While the same can’t be said for ubiquitous David Walliams, his palpable sincerity is rather touching in David Walliams Celebrates Dame Shirley Bassey (Christmas Eve, BBC1, 9pm), which does what it says on the glitter-flecked tin. To celebrate the Tiger Bay diva’s 80th birthday, Walliams takes his showbiz chum on a nostalgic wander through her eventful life. New performances of classics such as Goldfinger prove that she’s still in fine, lung-busting voice.
A treasured Dame of a much more modest hue, one of our finest actresses receives a deservedly glowing profile in Judi Dench: All The World’s Her Stage (Friday 30, BBC2, 8pm). Beloved not only for her thespian prowess but also her charming lack of pretentiousness, Dame Judi is reliably a-twinkle yet resolutely non-starry as luminaries such as Billy Connolly, Ian McKellen and Daniel Craig queue up to sing her praises.
He wouldn’t thank you for the ostentatious compliment, but Alan Bennett is another National Treasure ™ adored for his droll self-deprecation. In Alan Bennett’s Diaries (Christmas Eve, BBC2, 8pm), the peerless playwright, humourist and deceptively barbed curmudgeon reads extracts from his latest volume of diaries while granting us access to his everyday existence. If you don’t want him to be your best friend by the end of this profile, then I fear for your character.
Awestruck science mammal Professor Brian Cox joins forces with comedian and Galaxy Song author Eric Idle for an irreverent voyage through The Entire Universe (Boxing Day, BBC2, 9:30pm), which marks a return after 40 years for Idle’s deliberately ramshackle post-Python vehicle, Rutland Weekend Television. Peppered with Broadway-style show tunes and typically whimsical skits, it manages to impart actual scientific knowledge while keeping its tongue firmly in its cheek. Warning: may contain the perplexing sight of Cox in drag.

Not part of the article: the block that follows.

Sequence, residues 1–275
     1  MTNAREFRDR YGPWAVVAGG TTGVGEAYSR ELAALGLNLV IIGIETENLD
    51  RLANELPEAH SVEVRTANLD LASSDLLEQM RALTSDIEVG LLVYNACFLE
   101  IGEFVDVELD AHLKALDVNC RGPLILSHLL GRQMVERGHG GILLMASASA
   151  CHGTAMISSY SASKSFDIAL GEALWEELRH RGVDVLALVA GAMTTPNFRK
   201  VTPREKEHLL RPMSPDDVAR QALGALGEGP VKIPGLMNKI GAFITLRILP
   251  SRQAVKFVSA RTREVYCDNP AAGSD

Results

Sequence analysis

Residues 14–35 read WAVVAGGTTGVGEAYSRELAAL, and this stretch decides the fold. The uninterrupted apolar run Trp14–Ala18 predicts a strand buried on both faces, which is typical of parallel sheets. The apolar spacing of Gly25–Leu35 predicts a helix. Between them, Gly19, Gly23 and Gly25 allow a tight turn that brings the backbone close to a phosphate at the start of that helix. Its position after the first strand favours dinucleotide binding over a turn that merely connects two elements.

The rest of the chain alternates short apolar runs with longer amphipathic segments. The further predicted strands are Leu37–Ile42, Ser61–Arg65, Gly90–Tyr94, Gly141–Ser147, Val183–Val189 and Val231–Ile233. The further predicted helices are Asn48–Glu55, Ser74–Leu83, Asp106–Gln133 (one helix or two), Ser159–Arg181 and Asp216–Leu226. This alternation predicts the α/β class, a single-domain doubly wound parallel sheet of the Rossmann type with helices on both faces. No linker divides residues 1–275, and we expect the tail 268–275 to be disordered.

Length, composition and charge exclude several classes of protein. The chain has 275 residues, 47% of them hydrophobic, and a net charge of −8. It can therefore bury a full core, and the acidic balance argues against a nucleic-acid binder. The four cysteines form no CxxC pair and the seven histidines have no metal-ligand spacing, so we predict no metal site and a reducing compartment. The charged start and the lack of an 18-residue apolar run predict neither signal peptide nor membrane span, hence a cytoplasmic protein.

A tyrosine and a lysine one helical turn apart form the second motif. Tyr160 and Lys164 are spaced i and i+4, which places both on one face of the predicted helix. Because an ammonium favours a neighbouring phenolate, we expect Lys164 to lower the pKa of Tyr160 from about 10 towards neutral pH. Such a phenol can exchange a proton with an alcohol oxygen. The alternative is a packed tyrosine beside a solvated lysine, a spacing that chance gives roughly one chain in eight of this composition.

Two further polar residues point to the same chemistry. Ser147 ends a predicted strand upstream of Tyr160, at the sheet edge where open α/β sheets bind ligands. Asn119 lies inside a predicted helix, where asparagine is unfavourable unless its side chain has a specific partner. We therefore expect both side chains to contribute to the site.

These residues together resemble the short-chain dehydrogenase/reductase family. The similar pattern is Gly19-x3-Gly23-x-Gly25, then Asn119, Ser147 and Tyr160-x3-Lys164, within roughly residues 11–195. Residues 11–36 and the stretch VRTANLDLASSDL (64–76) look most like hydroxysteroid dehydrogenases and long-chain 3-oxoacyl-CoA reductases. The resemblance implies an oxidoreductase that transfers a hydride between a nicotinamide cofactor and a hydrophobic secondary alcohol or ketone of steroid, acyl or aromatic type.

The third series of Steve Pemberton and Reece Shearsmith’s highly acclaimed comedy-horror anthology kicks off in ingenious style with Inside No 9 – The Devil
Of Christmas (Tuesday 27, BBC2, 10pm). Set during Christmas 1977, it’s a claustrophobic, studio-bound chiller filmed using authentic period equipment so as to resemble an actual BBC production from that era. The attention to detail is wonderful. Pemberton and Jessica Raine play a stiffly middle-class couple whose yuletide holiday in Austria is ruined by the presence of a not-so-mythical creature. Listen out for Derek Jacobi as the programme’s fictional director; his “DVD commentary” is an essential component.
Prepare to shed a tear at the beautifully animated adaptation of author/illustrator Raymond Briggs’ Ethel & Ernest (Wednesday 28, BBC 1, 7:30pm), a tenderly autobiographical portrait of his parents’ lives. The Great Depression, the Second World War and the advent of television are among the cultural flashpoints we encounter from their first meeting in 1928 to their deaths in the early 1970s. In its quiet, unassuming way, it’s a profoundly moving account of working-class life in the 20th century.
Christmas wouldn’t be the same without a visit from the immortal Roald Dahl, whose subversive parody of traditional folk tales is adapted via animation in Revolting Rhymes (Boxing Day/Tuesday 27, BBC1, 6:30pm). Narrated by Dominic West in the guise of a suave wolf, its treatment of classics such as Snow White and The Three Little Pigs should delight children and adults alike.
Finally, Charlie Brooker provides a suitably caustic assessment of not only the season but this entire year in both Cunk On Christmas (Thursday 29, BBC2, 10pm), featuring his clueless cultural commentator Philomena Cunk, and 2016 Wipe (Thursday 29, BBC2, 9pm). Even a satirist of Brooker’s calibre will have trouble covering every dark and disastrous detail of this drama-packed year, but watching him try should be grimly entertaining. Let’s hope he doesn’t have to tackle so much in 2017.